• Formal assessments that do not consider how two
languages interact ‘confirm’ notion of limits in two
• Without support in L1, language shift happens
beginning at age 4
Preventing Language Loss
• Parents should be encouraged to continue to ‘parent’ in
their native language.
• Parents should be encouraged to continue to speak their
L1 with their children and DEMAND that their children
respond back to them in L1.
• Schools should have books in classrooms and libraries in
a variety of L1 languages and students should be
encouraged to read them.
• Teachers should allow students to use L1 as a processing
• Have an English hour at home to practice English but do
not quit using L1.
• Code-switching is the use of two languages within
and across sentences, phrases or thoughts.
• “Attitudes about code-switching depend on WHO
does the code-switching and NOT what the codeswitcher does or does not know about language”
(Fisher, 1972)
Code-switching Attitudes
if you are a majority
language speaker.
• “It is so bourgeois it go to
a McDonald’s in Italy.”
• “Yo quiero Taco Bell.”
• “Steven Segal is sooooo
if you are a minority
language speaker learning
the majority language
• “Me cantaron Happy
Birthday to You.”
• “My best day is wen I hav
a respuesta perfect.”
• “A mi me gustó cuando
fuimos a el field trip.”
Simultaneous Bilinguals Synthesize
their Two Worlds
“The wider society tries to keep children’s worlds
separate, with different codes for each context.
Children, however, tend to synthesize their resources.
Further, the availability of alternatives is a key aspect of
growing up bilingual.”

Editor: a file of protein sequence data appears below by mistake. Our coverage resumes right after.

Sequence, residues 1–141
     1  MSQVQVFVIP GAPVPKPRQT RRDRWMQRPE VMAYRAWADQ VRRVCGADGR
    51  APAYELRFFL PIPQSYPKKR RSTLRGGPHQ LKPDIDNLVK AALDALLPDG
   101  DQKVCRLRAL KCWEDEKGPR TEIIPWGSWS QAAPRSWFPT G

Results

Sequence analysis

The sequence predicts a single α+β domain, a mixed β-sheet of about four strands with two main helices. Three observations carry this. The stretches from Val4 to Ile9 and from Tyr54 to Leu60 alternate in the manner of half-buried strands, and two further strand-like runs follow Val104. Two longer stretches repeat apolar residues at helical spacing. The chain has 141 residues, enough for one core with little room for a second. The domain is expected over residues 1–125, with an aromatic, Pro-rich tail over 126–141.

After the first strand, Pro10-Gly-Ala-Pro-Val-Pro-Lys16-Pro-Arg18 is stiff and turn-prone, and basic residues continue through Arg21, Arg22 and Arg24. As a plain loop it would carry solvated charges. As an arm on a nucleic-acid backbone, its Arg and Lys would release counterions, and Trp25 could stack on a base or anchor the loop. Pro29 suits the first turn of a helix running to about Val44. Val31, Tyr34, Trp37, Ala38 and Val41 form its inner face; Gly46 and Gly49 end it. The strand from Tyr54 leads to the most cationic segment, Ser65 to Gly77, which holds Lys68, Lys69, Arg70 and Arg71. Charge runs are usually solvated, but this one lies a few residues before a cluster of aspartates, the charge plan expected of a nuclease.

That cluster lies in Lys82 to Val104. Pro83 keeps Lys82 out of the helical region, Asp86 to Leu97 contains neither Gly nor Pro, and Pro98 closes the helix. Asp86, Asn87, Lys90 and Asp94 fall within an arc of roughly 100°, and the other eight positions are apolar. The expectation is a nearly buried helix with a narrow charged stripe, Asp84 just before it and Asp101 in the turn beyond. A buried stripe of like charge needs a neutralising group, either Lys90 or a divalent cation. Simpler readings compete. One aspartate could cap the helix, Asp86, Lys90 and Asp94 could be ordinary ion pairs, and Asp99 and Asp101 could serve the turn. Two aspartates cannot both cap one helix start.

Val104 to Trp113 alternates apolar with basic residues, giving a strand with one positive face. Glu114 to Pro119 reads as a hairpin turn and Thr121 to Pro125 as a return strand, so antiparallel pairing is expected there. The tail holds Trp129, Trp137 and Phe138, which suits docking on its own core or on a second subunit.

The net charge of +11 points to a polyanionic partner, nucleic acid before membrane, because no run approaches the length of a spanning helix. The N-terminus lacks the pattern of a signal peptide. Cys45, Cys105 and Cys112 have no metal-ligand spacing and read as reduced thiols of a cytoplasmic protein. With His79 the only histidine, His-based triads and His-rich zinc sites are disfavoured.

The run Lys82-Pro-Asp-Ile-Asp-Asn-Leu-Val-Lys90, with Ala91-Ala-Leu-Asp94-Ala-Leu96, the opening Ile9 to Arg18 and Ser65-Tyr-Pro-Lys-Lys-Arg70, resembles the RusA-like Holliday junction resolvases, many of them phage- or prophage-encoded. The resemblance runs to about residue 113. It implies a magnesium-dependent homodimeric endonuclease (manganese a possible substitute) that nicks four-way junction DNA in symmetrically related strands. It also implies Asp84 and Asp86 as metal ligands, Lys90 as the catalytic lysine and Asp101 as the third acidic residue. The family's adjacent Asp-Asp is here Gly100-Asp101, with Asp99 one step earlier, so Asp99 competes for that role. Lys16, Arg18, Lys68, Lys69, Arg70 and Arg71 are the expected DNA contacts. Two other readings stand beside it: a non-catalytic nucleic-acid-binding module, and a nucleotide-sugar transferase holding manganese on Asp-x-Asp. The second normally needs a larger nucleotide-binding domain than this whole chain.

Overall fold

(Kenner, 2004, p. 59)
Simultaneous Worlds
• La principal a veces te dice hola, cómo estás o
hi how are you?
• [The principal sometimes says ‘hola, cómo estás’ or ‘hi, how
are you.’]
• Lo tercero que aprendí es no bullying.
• [The third thing I learned was no bullying.]
• Salimos afuera y jugamos tag.
• [We went outside and played tag.]
• Jugamos roc, peiper, zisors.
• (We played rock, paper, scissors).
The biggest ‘problems’ with regard to code-switching
among emerging bilingual/biliterate children may
have more to do with, our attitudes, the way we
interpret children’s code-switches, and our desire to
‘fix’ the behavior than with what the children are
actually doing.
A New View
Simultaneous bilinguals use Spanish (and other
languages) to get to English in cognitively
appropriate but misunderstood ways
Examples (from research)
Letter Knowledge
• Letra S, sonido s-s-s-s, como Superman
• La P como pájaro
• Q como Q tips
• Yo sé escribir mamá (mom); Te quiero (I love you)
• Tú (2)
Read these words
Hielo house
No budi lik Tim he hab big blud
Two minutes:
1 thing I learned so far I would share at my school
1 question I still have
‘New’ Methods and Why They Won’t
Meet the Needs of the ‘New Normal’
Intensification to catch them up – Less or no L1
Monolingual reading theories and bilingual students
‘Good teaching is good teaching’ rhetoric
The ESL quick fix diet
The privileging of ‘academic English’
The acceptance of institutional racism –
‘That’s just the way it is’
What About Research?
• Goldenberg, C. (2008). Teaching English Language Learners:
What the Research Does – and Does Not – Say. American